Research Student: Mr Abbas Assi
Problems of Democracy in Lebanon since the Syrian Withdrawal in 2005
The Syrian military withdrawal from Lebanon in 2005 is considered a turning point in the modern history of Lebanon. The Syrian military presence that lasted for more than thirty years was forced to withdraw under the pressure of the international community and popular protests against Syrian interference in Lebanon domestic politics.
As a consequence of the Syrian withdrawal, hopes were raised by both political elites and scholars that Lebanon was now able to make the transition to a stable democratic system. However, these hopes did not materialise. Since 2005, Lebanon has been embroiled in sectarian and political conflicts which left negative impacts upon the democratisation process.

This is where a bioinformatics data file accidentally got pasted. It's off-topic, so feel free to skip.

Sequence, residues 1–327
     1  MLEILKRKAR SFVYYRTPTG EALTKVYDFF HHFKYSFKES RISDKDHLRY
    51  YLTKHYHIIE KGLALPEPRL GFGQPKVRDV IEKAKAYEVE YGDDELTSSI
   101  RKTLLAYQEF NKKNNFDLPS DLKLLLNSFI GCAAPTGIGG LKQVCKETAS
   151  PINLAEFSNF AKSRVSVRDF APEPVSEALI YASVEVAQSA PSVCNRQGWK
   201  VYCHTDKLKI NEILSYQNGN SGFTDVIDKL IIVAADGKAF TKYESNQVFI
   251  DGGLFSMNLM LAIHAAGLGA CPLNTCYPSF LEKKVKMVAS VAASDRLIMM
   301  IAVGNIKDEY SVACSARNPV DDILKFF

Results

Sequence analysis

This thesis therefore aims to investigate the obstacles to the democratisation process that emerged after the Syrian withdrawal. It will argue that the main obstacle is in Lebanon’s consociational model. The main research question is: How does the existence of the consociational form of governance impede the democratisation process in Lebanon after the Syrian withdrawal in 2005?
To answer this question, this thesis will investigate the role of internal and external factors that emerged due to the existence of this form of governance. Firstly, it will explore the role of the Lebanese sectarian political parties and elites in exacerbating sectarian conflicts and tensions to further their interests, and impeding democratic reform. Secondly, it will investigate the role of the demographic size of the sectarian communities in shaping their political preferences and therefore hampering democratic reform. Thirdly, it will explore the role of foreign intervention in manipulating the sectarian divisions and conflicts to further its interests, with particular focus on the July war between Hezbollah and Israel in 2006.